The first thing that caught Espinosa's eye was the slit in her skirt, which revealed part of her thigh as she walked. Seated next to the door, he had an ample view of the street, and even before she walked in front of the bar, it was the hint of leg flashing beneath her skirt with each supple movement that distinguished her from the other women passing by. She was about thirty-five. She had a good body, nice legs, and a face whose attractiveness was diminished by a fatigued expression and unkempt hair. The detail of her skirt made her look bold rather than vulgar. He watched the movement of her legs, now revealing, now hiding her thighs, until she passed the café and exited his field of vision.
Espinosa turned his attention back to the cappuccino he'd started to drink and concentrated on the foam covered with cinnamon powder. A few sips later, he was still thinking about the woman when she entered the café. He hadn't expected her to come back. He saw her walk up to the cash register and then look for a seat on the balcony. He decided her return on this hot summer afternoon was a gift from the gods, and he felt within his rights to examine her more closely. What he'd seen when she'd walked by was confirmed by a more detailed inspection. She had perfect legs and a pretty face, with small age lines around her mouth and eyes. These added a note of experience to the youthfulness of her body. She really did look tired, and her hair needed attention, though her hands and skin were well tended. She wasn't paying attention to anything or anyone, simply staring at her coffee cup. Not out of modesty. Someone who walks through a crowded downtown wearing a tight skirt slit up the side isn't exactly concerned about modesty. He soon realized that she wasn't attracting as much attention as she had at the beginning. Not all the men were looking at her; in fact, besides him, only one teenage waiter with bad acne was looking at the woman who stood in front of the bar, back turned, hiding her half-opened skirt.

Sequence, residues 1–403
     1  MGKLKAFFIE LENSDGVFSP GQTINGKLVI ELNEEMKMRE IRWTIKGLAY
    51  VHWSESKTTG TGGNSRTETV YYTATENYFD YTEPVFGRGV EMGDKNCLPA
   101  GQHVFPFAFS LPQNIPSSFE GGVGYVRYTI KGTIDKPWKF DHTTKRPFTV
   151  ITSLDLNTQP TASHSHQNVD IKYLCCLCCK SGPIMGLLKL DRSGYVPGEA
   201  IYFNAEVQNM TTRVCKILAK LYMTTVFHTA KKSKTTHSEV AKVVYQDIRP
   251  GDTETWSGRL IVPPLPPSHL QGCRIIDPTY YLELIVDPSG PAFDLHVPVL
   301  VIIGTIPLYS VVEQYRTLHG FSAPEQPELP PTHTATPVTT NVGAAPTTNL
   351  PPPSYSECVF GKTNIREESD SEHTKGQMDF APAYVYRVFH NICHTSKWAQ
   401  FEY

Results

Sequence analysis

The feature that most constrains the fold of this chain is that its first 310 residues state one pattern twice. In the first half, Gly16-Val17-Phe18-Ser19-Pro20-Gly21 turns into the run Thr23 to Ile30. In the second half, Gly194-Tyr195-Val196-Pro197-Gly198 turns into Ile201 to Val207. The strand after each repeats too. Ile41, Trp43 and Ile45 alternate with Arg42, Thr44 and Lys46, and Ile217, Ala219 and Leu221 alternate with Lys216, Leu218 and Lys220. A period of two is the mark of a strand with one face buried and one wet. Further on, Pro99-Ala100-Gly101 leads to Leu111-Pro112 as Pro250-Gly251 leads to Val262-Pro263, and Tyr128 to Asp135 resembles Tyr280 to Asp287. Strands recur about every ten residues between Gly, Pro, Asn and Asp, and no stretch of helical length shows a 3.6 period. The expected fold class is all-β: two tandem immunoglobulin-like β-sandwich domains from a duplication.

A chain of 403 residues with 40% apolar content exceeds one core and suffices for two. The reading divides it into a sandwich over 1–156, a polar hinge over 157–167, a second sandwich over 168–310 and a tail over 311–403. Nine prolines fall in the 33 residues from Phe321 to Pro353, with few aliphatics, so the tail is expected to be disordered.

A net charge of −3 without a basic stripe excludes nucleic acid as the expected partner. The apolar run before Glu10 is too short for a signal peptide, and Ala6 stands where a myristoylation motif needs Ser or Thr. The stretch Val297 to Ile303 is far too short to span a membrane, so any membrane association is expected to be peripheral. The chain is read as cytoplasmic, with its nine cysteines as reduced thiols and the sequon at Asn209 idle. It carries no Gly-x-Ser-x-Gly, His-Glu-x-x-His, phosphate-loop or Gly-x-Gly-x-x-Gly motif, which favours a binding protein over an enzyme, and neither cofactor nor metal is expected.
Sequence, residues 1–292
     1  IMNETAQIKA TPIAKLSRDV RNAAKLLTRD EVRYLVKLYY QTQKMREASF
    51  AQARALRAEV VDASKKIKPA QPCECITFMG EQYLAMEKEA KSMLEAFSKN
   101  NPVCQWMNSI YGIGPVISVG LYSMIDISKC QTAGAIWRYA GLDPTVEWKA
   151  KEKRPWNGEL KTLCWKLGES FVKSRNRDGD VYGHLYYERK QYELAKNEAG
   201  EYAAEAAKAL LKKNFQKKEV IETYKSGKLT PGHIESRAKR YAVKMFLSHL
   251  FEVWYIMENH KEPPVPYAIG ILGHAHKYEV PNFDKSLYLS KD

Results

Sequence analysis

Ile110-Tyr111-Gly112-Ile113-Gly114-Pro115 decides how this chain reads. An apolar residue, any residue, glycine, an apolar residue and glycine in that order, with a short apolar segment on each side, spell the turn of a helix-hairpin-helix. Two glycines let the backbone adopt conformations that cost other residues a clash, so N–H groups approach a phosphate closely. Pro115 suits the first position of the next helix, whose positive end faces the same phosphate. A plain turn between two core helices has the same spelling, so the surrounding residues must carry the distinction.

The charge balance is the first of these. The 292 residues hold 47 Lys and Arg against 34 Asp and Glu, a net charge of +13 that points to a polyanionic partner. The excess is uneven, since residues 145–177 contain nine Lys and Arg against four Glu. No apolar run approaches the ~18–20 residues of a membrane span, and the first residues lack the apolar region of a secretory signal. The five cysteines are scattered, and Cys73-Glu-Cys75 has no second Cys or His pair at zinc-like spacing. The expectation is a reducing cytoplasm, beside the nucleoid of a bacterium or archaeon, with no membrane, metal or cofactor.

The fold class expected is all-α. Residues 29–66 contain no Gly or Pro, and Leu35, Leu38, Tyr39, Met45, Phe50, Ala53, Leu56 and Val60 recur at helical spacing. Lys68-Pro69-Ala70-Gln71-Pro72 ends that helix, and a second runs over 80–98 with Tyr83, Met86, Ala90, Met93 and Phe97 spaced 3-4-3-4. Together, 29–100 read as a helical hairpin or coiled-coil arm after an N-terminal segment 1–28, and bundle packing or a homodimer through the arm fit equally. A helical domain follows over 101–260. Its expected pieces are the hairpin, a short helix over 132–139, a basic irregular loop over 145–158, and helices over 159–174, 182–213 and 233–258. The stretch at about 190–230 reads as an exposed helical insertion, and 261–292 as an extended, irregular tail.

His thoughts wandered to the possible reasons for her tired (or was it sad?) face; it took him a while to realize that the buzzing coming from his coat pocket was his phone. Just as he answered, the woman also took a cell phone out of her purse. Both spoke at the same time. Unfortunately, he thought, not with each other. As she spoke, her eyes drifted past Espinosa without seeing him, while he looked at her and tried to concentrate on what his assistant, Detective Welber, was telling him.
"Officer, another colleague has been killed."
"Silveira, from the Third Precinct."
"I don't know him."
"He'd been around, but not many people knew him."
"Where are you?"
"At the scene. Praça de Lido, on the side facing the beach."
"He was killed on the street?"
"Sort of. The square is fenced off. He was found seated on one of the benches."
"I'm on my way."
When he hung up, she was gone. He hadn't talked to Welber for more than a few seconds; she couldn't have disappeared. He walked to the door and looked around. The pedestrian traffic was intense, and she could have gone in any one of four different directions. He didn't know what he would do if he saw her walking away. He wasn't a Don Juan -- never had been. He thought that getting married had forced him to lose sight of the rituals of courtship. Ten years of marriage had produced a kind of emotional myopia. Ever since he and his wife had split up, he'd been trying to retool his approach, to learn new ways of doing things, to move into new territories. But he'd only managed to convince himself of one thing: focusing for too long on one object hadn't improved his vision; it had simply made him nearsighted, as well as a mediocre husband and an inadequate father. He'd devoted the last decade to trying to recoup the lost time.
From A Window in Copacabana by Luiz Alfredo Garcia-Roza. Copyright 2001 Luiz Alfredo Garcia-Roza. Originally published in Brazil in 2001 under the title Uma Janela em Copacabana. All rights reserved. No part of this book may be reproduced without written permission from the publisher, Henry Holt & Company.
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